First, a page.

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Reviewer/Tester
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Discussion Starter · #1 · (Edited)
Today when I was out on the trails, I lost traction completely on a stiff uphill climb as the rear tire simply spun around on the dry leaves and dust covered ground.

I leaned the bike over sideways as I always do when I have to dismount fast. Somehow, the inside of my right knee hit the chainwheel hard and I ended up with a nice chunk out of my leg from the Rohloff chain.

This got me thinking about safety on bikes.

Not safety as in wrapping yourself in armour every time you ride, but basic sensible components on your bike that aren't going to carve you up in a crash.

I saw a guy with a sharp looking saw-tooth bash ring on his dirt bike recently on the trail, and immediately had a mental picture of that thing ripping into your leg like a chainsaw in a crash.

Another one I spotted was these new disk brake rotors with fancy cutouts around the edges, leaving some very dangerouse sharp points that are just waiting to rip into some flesh.

A friend of mine had a freaky crash not too long ago. He had this habit of pushing plonk bottle corks into his barends instead of using proper wide plastic ones. He clipped a tree on the way down a rooty hill, which knocked the end right off the cork. When he crashed at the bottom of this hill, the bike flipped over him and that damn handlebar end took a very nasty and deep core sample from his shoulder blade, right to the bone...:eekster:

Platform pedals with big traction pins like I use are real leg rippers. If you use these on your bike, expect to have lots of scars from the pins ripping into your legs and knees, front and back.

Steerer tubes that stick out of the top of stems are dangerous too. Hit one of these hard with your chest and you are going to know all about it for days, maybe weeks later.

Top tube cable guides with bare cables and nice sharp edges are leg, genital and thigh rippers just waiting to happen. I won't own a bike with these cable guides along the top of the top tube. Too damn dangerous.

Controls on your handlebars that are sharp or that are overtightened so that they don't turn in a crash can break your fingers and hands. Make sure that they are just tight enough to grip the bar but still turn under pressure...especially on carbon bars.

Which brings me to carbon components like seatposts and handlebars. I personally wont own a carbon seatpost, and I don't use carbon bars. I have a carbon fork [Pace] on my SS but i'm always inspecting it for nicks or scrapes. If I ever hit this fork hard, it will go into the bin. If you use carbon components, inspect them regularly and never overtighten the controls or pinchbolt on carbon components. If any load bearing components on your bike are marked, nicked or hit, get rid of them.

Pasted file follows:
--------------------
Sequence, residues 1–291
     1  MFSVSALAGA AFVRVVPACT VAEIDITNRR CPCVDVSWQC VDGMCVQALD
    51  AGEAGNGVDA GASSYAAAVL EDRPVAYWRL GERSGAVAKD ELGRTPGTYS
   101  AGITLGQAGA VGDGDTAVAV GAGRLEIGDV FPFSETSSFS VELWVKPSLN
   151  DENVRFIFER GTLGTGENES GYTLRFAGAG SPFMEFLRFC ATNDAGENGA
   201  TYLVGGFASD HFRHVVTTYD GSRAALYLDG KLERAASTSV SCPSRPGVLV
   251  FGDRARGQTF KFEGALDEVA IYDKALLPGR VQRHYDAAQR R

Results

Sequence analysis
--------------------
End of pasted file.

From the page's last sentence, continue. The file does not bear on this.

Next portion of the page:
Always wear a helmet, even when goofing around at the trailhead with mates. Personally, I absolutely hate helmets, and never wore one for many years. But all that changed when I went for a ride with my sons and almost got knocked out when I landed head first on a big rock. If I hadn't been wearing the helmet that day..the kids would have had no dad.

Stand back and look at your bike. Imagine that you are crashing. Think about all the different ways you can crash, and all the different ways you can hit the bike as you crash. If there are components on the bike that are going to nail you, do something about it if that is possible.

It's not always possible to cover or guard against every little thing, but a sensible selection of components and some forethought can help keep you out of the ER and riding that 29'er.

Think about crashing and what the bike is going to do to you if it hits you hard. Being safety-conscious can keep you riding that bike instead of sitting on the couch or even worse ... in the hospital.

R.
 

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Harmonius Wrench
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Good Post!

I think too many times we either neglect maintenance, or the set ups on our bikes to our own detriment. I think it's wise to consider all these things within the context of your riding. You know, it's probably not a wise choice to use a carbon bar for DH. That sort of thing. (Although I'll probably hear from DH'ers using carbon bars shortly! :rolleyes: )

Ultimately we must take responsibility for our choices. Hopefully we considered them long and hard before we made the choice to use our "decisions" for riding.

I think that is what you are trying to convey here, Rainman, if I am not mistaken. Please correct me if I am wrong.
 

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root

My foot took on a root last Summer on a night ride at Kettle Moraine. It flipped me over hard and fast...in the dark. I bled a little. Could have happened on a 26er, a unicycle, or a cross bike.

I've been roding on icy roads lately...safety is always priority when I see the shiny on the road...ride slow.